18. ^ Puhan MA, Suarez A, Lo Cascio C et al. (2005). "Didgeridoo playing as alternative treatment for obstructive sleep apnea syndrome: randomised controlled trial". BMJ 332 (7536): 266–70. doi:10.1136/bmj.38705.470590.55. PMC 1360393. PMID 16377643. http://bmj.bmjjournals.com/cgi/content/full/332/7536/266. 

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Look at other dictionaries:

  • didgeridoo — 1924, Australian, of imitative origin …   Etymology dictionary

  • didgeridoo — ► NOUN ▪ an Australian Aboriginal wind instrument in the form of a long wooden tube, blown to produce a deep resonant sound. ORIGIN from an Aboriginal language …   English terms dictionary

  • didgeridoo — [dij′ə rē do͞o΄, dij΄ə rē do͞o′] n. pl. didgeridoos [name in a language of N Australia] a wind instrument made from a long, hollowed branch that is blown on one end to produce a drone of low pitched, resonant tones: it originated among Aborigines …   English World dictionary

  • Didgeridoo — Das Didgeridoo [dɪdʒərɪˈduː] ist ein obertonreiches Blasinstrument aus der Familie der Aerophone auf dem Tonerzeugungsprinzip der Polsterpfeife und gilt als traditionelles Musikinstrument der nordaustralischen Aborigines. Im traditionellen… …   Deutsch Wikipedia

  • Didgeridoo — Le didgeridoo est un instrument de musique à vent. A l origine, cet instrument est joué par les Aborigènes du Nord de l Australie, son usage semble très ancien, certains prétendent qu il pourrait remonter à l âge de la pierre (20 000 ans), d… …   Wikipédia en Français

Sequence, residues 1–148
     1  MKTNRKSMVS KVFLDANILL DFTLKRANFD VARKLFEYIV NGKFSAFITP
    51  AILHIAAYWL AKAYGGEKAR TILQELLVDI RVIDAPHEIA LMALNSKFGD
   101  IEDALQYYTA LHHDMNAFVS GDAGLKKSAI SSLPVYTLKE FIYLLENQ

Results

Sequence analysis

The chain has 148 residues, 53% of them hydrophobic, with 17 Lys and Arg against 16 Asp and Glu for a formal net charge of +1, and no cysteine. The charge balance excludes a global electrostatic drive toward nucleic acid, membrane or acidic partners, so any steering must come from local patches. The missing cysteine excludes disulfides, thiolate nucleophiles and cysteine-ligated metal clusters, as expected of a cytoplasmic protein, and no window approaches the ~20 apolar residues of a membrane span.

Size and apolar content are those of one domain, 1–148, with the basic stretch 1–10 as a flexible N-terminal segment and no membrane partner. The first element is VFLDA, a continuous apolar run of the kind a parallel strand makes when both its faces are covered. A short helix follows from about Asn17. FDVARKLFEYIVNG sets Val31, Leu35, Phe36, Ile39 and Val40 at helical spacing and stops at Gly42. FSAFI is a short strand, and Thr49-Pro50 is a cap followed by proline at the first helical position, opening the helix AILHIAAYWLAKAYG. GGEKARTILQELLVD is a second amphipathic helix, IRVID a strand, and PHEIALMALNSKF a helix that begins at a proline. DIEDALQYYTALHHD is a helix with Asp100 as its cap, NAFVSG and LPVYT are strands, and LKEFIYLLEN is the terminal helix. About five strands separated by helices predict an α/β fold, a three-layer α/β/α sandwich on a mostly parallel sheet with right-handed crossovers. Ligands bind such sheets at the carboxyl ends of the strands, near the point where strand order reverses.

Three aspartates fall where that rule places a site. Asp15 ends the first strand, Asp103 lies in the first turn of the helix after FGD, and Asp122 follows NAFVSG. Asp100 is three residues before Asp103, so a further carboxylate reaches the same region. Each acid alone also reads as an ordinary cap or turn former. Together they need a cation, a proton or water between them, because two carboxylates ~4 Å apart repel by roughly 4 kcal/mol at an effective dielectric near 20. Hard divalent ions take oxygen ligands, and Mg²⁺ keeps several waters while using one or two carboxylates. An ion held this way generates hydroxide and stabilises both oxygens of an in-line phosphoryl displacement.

• Didgeridoo — Un didgeridoo. El didgeridoo, didjeridu o diyiridú es un instrumento de viento, o aerófono, ancestral utilizado por los aborígenes de Australia. Básicamente es un tubo de madera, el cual se hace sonar al hacer vibrar los labios en el interior. Se …   Wikipedia Español

  • Didgeridoo — Did|ge|ri|doo [dɪd̮ʒəri du: ], das; s, s [engl. didgeridoo, aus der Sprache der Ureinwohner Australiens, lautm.]: langes, röhrenförmiges Blasinstrument der australischen Ureinwohner. * * * Didgeridoo   [englisch, dɪdʒərɪ du, auch Didjeridu; in… …   Universal-Lexikon

  • Didgeridoo — El didgeridoo es un instrumento de viento (o aerófono) ancestral utilizado por los aborigenes de Australia. Es un instrumento no melódico, que emite una vibración grave y profunda, la cual puede ser modulada y dotada de ritmo. Se supone que tiene …   Enciclopedia Universal

  • didgeridoo — UK [ˌdɪdʒərɪˈduː] / US [ˌdɪdʒərɪˈdu] noun [countable] Word forms didgeridoo : singular didgeridoo plural didgeridoos a traditional Australian musical instrument consisting of a long wooden tube that you blow into …   English dictionary

  • didgeridoo — {{#}}{{LM D43366}}{{〓}} {{[}}didgeridoo{{]}} {{《}}▍ s.m.{{》}} Instrumento de viento de origen australiano, y que originalmente consistía en una rama de bambú ahuecada y moldeada con cera en uno de sus extremos para apoyar la boca: • Vimos un… …   Diccionario de uso del español actual con sinónimos y antónimos